Eldorado: Interview with Director Bouli Lanners

Cannes Film Fest 2008–Bouli Lanners' EDLDORADO centers on Yvan, a fortysomething quick-tempered dealer in vintage cars, who catches young Elie burgling him. Instead of beating him up, he becomes strangely attached to him and agrees to drive him home to his parents in his old Chevrolet. So begins the bizarre journey of two misfits through a region that is as spectacular as it is crazy.

STARTING POINT The idea for the film came from a true story: one night I came home and caught two burglars in the act. One was hidden under my bed, the other under my desk! It was an unlikely situation; three guys who were scared and a long night spent talking. Based on that unforgettable event, I constructed and invented a story in which the anecdotes are transformed, fleshed out and end up coming together. The adventure between Yvan and Elie is true fiction, mixing together things from real life and moments of pure invention.

When I was writing, it never occurred to me to play the role of Yvan. My producer, Jacques-Henri Bronckart, suggested it and ended up convincing me. It is true that the character I had written was a lot like me. I ended up in front of and behind the camera, a crazy experience that was made possible by my cast and crew.But it wasnt always easy for me to judge the quality of the rushes when I was constantly seeing myself on screen, in shorts or my underwear, in the middle of a river. It taught me a lot about humility.


I wanted to move beyond an image of Belgium as a sad, grey place to something more cheerful. I opted for a very colorful film full of light shot in 35mm in Wallon landscapes that evoke the Far West or Montana more than social realism. Jean-Paul De Zaeytijd, the cinematographer, did a fantastic job and when you watch the film, it makes you think of an old, worn out cowboy.


Yvan and Elie are two loners. They wander aimlessly through their lives. But they are both nostalgic about lost relationships, which is what leads them to undertake this journey. Both are trying to find the pieces of a puzzle that they want to put back together. But it is too late.


When I was a kid, every weekend, we would do travel from La Calamine to Bastogne and back to see my grandparents. I would press my nose up against the window watching the landscape go by. The car was like a cocoon and I loved it. Even now, I am meditative. If the landscape streams by when Im just sitting there, I still love it. The sideways track shot is the best invention on earth. So I always have to put a t least one of them in my films. I cant help myself.


This is one of the most important things for me. I can drive for days or even weeks to find one. When Ive found it, I keep going back to it. I dissect it, I inspect it closely and I rewrite the scene based on what it inspires in me. Philippe Groff, the production manager and I went for long drives to Belgiums nooks, crannies and dead-ends. We found three epicenters that we could use as bases so the whole shoot took place over a distance of less than one hundred and fifty kilometers.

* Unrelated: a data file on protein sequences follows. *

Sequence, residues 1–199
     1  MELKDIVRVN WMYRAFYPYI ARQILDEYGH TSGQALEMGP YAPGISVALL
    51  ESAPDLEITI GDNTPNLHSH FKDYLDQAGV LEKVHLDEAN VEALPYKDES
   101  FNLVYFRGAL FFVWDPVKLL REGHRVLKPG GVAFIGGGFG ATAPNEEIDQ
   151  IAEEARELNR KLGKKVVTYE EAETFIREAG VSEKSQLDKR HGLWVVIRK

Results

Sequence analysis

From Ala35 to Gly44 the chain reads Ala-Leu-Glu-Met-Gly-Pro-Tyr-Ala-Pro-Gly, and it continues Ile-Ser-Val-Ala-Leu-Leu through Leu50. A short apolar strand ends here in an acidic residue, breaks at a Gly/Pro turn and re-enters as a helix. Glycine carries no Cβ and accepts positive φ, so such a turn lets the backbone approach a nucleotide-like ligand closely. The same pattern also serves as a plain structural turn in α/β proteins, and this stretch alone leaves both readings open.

Fabrice Adde reminded me of someone. Straight off, I knew he was the character I was looking for. He had that fragility, that capacity for lies and at the same time a gentleness. Discovering and working with an actor that nobody knows yet is like finding a little treasure. It makes me really happy. It is the same for the other roles in the film. They bring great richness to this very unlikely cast.


I mix the infinitely sad with infinitely stupid situations to get a laugh. In this way, I tried to give depth, humanity and a way in to themes that are close to my heartI mixed the truly sad and the truly dumb. Even though my dietician tells me to avoid it, I like sweet and sour more than anything.


From the writing stage to editing, I work with music. It is an integral part of the film. I wanted a soundtrack that was tailor-made. I was lucky someone introduced me to Renaud Mayeur whose warm, rugged riffs were exactly like what I had been listening to all through the writing process. An Pierle and Koen Gisen composed a piece of petrifying beauty. My friend Stefan Liberski gave me his little creation like youd buy someone a drink in a bar. And to top it off, we bought the rights to three songs that were really important to me: The Milkshakes from my teen years, Jesse Sykes. It adds up to the powerful, spellbinding soundtrack that I dreamt of from the outset.